Commercial crew is still the best hope the United States has for ensuring uninterruptible and reliable access to low Earth orbit. It will save the American taxpayer money and will continue to expand homegrown innovation and technology development.
Commercial crew, despite recent setbacks and a lack of congressional funding, deserves our continued and full-fledged support.
A previous post proposed a new national space policy, specifically regarding human spaceflight. A key component of the new policy will be public-private partnerships to solidify and expand the permanent human presence in Earth orbit, and thus lay the groundwork for a mission to Mars. This post will describe three public-private partnerships that will help to do just that. They are ‘Commercial Station’, ‘Commercial Resources’ and ‘Commercial Transport.’
Luckily, humanity already has a permanent foothold in space in the form of the International Space Station. At any one time there are six human beings living and working in space aboard ISS, or simply ‘Station,’ as it is called. Station is a incredible feat of engineering and international cooperation. It took decades to design and build and it rivals the Apollo program as humanity’s greatest achievement in space.
Unfortunately, it’s deteriorating rapidly and will have to be replaced no later than 2028. It cost over $100 billion to build and billions more per year to operate. We must find a cheaper solution if we are to continue the research necessary to push on to Mars.
Happily, as a result of the experience gained with ISS, the private sector is in a position to provide commercial space stations. NASA does not have to spend $100 billion and ten years to build a whole new station. Instead, by 2028 it will be possible to rent space in a private space station, just like one can rent space in an office building on Earth today.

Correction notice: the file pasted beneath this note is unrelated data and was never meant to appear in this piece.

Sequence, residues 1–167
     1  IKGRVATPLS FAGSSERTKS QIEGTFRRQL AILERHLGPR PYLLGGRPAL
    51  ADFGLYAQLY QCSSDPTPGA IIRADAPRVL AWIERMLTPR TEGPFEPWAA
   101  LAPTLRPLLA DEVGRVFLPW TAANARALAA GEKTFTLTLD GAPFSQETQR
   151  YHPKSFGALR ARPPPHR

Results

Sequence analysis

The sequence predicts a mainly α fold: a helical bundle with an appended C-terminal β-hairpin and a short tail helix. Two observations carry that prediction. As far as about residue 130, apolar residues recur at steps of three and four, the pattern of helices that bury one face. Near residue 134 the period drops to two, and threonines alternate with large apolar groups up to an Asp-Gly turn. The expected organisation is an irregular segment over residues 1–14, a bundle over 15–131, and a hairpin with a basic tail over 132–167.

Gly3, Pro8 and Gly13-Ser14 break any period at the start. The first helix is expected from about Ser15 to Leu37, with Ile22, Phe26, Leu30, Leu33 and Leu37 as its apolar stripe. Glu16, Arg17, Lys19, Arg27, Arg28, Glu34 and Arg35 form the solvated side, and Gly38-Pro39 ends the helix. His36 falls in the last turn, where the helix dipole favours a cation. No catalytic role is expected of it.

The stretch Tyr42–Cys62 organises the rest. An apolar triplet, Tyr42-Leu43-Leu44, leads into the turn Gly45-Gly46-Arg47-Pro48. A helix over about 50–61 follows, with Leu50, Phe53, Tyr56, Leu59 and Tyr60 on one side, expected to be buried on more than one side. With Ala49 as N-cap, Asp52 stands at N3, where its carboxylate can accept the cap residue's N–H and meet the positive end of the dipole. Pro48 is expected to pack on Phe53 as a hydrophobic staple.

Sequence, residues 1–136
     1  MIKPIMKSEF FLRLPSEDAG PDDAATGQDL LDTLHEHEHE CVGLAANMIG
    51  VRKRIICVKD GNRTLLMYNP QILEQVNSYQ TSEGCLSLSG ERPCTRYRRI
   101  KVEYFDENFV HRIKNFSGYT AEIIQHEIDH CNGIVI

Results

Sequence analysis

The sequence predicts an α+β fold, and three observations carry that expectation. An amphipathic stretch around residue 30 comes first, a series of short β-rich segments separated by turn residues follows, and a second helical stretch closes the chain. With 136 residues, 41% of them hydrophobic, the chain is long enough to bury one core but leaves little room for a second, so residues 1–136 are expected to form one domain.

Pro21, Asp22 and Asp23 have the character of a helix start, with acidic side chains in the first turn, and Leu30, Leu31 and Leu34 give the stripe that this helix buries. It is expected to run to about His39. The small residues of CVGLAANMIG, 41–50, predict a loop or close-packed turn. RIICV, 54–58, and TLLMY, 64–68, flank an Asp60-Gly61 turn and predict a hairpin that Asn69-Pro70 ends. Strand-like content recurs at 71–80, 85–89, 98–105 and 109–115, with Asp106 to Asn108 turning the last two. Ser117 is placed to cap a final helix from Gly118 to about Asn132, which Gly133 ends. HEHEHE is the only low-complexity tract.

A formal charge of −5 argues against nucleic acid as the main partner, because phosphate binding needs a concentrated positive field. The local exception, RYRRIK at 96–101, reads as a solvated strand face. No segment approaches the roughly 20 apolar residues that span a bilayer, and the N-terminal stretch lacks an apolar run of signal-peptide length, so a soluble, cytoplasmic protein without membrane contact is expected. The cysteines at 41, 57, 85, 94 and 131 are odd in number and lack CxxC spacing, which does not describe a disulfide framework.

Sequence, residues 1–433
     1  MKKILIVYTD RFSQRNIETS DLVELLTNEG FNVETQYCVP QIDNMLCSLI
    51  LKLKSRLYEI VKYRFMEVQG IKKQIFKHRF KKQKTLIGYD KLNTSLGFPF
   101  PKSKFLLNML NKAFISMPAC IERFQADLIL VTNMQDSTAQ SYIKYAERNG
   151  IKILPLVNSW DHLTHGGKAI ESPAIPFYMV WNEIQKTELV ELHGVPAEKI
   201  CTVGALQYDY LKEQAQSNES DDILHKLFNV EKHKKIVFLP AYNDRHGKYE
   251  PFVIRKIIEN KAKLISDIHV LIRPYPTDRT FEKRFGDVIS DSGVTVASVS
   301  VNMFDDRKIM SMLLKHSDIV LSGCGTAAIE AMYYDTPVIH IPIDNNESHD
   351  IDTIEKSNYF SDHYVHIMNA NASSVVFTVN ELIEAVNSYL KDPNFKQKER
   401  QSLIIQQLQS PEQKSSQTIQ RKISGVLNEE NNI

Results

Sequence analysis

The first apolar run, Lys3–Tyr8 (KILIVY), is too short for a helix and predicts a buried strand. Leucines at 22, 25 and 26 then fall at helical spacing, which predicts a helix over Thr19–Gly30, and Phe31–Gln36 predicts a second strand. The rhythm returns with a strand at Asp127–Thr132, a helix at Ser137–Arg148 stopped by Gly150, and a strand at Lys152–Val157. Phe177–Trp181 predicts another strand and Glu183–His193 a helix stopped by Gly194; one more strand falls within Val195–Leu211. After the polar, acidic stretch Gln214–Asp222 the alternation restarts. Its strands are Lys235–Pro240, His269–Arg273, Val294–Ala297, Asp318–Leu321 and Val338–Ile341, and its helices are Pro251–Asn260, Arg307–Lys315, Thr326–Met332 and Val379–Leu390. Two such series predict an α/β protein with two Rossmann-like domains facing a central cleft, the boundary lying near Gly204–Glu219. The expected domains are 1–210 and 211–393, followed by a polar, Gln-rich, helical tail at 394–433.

But how to develop the market and ultimately choose a landlord? Well, why not have a competition? The private sector makes a compelling case. For instance, Bigelow Aerospace, a premier commercial space station operator that has already flown station hardware, is offering a station equivalent in size to the ISS for $1.35 billion per year. For comparison NASA requested over $3 billion for Station operations in fiscal year 2015. However, due to design efficiencies, Bigelow’s station could accommodate at least twice as many astronauts.
For instance, one private space station offers twice as much capacity for half the price of the NASA station.
So how might the aforementioned competition work? It would be very simple. NASA could issue a request for proposals (RFP) for commercial operators to provide accommodations for government astronauts to live and work on a privately-operated space station. NASA could offer, say, $1.35 billion per year for six astronauts to occupy 900 cubic meters (the volume of the current space station). The respondents to the RFP would work with NASA to meet the government’s specific criteria before any contracts were signed. Over time with subsequent proposals and more competition, it is likely that the price might fall even further. Additionally, other space agencies and commercial operators, like space tourism companies, would join NASA as tenants in the burgeoning commercial space station industry.